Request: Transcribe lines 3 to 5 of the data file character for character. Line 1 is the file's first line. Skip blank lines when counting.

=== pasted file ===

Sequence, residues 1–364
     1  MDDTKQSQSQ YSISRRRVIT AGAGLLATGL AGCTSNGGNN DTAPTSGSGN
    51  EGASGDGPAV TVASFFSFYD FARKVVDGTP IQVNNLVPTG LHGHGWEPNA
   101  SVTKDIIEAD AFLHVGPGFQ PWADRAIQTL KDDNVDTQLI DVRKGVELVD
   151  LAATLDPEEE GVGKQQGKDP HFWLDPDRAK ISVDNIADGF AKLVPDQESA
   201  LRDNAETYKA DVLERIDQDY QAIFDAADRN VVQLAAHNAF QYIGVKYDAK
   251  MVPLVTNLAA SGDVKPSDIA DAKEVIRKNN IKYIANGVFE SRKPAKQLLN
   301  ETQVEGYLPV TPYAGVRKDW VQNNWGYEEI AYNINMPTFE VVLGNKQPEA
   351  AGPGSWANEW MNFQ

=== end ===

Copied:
    51  EGASGDGPAV TVASFFSFYD FARKVVDGTP IQVNNLVPTG LHGHGWEPNA
   101  SVTKDIIEAD AFLHVGPGFQ PWADRAIQTL KDDNVDTQLI DVRKGVELVD
   151  LAATLDPEEE GVGKQQGKDP HFWLDPDRAK ISVDNIADGF AKLVPDQESA